While the game was getting out of hand, James couldn't help but relish in his former team being absolutely throttled in epic fashion:
"Crazy. Karma is a b****.. Gets you every time. Its not good to wish bad on anybody. God sees everything!"
I'm not a LeBron James fan. I don't know him at all—never met the guy. The only judgments I can make about him are through what I perceive him to be on the court and in the media. I don't have a personal vendetta against the man so I won't take time out of my day to intentionally bash him for no valid reason.
I could bring up the ideology that karma tends to work both ways so laughing and taunting someone that reached rock bottom probably isn't the best idea in the world.
I could bring up some "holier-than-thou" B.S. and quote various passages of the Bible that say "judge not, that ye be not judged" if God really is watching. But that's absurd.
I could bring up a widely accepted fact that, if karma is real and God does exist and is constantly watching, perhaps the result of a meaningless January basketball game isn't exactly high on their respective priority lists.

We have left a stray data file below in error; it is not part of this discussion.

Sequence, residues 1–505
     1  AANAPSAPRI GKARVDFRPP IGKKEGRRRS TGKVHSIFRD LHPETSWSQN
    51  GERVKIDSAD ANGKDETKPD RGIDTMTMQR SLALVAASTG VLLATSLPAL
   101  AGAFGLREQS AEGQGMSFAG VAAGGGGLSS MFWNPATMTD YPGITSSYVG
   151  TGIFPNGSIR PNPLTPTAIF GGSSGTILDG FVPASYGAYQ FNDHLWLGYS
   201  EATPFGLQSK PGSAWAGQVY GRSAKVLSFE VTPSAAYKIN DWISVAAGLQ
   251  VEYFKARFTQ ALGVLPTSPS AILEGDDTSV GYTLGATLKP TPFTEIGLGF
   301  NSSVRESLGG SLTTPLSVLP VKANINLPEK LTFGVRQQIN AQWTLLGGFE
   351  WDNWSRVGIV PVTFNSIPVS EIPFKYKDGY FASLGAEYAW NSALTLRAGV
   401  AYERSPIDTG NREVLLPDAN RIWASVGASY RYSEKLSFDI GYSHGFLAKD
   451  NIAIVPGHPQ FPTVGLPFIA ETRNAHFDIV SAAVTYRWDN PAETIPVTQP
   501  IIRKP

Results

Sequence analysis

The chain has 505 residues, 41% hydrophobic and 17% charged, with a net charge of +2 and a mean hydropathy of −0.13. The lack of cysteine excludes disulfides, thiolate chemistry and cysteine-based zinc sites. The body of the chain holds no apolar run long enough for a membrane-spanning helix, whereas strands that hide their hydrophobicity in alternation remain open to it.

But when James decided to kick the Cavaliers when they were down, he deflected the topic of conversation back to himself instead of allowing it to remain where it belonged: on the exceptionally woeful semblance of a roster in Cleveland.
Every day that goes by, his preference to play in Miami looks more and more justified...and in reality it needed little justification in the first place. Ignore the fact that the Heat are steamrolling through the competition and instead focus on just how abysmal the Cavaliers have been.
Go ahead and re-read paragraphs five through 15. Even if he did feel a deep-seeded connection to the city of Cleveland and state of Ohio, would that be justification enough for a player considered to have the potential to be one of the greatest ever to toil away in his prime with a now-atrocious supporting cast that allows themselves to be blown out by 50 points?
Dan Gilbert's comments regarding James after the latter decided to sign with the Heat this offseason were vicious, tasteless and juvenile. It made James a somewhat sympathetic figure and only further justified his desire to leave.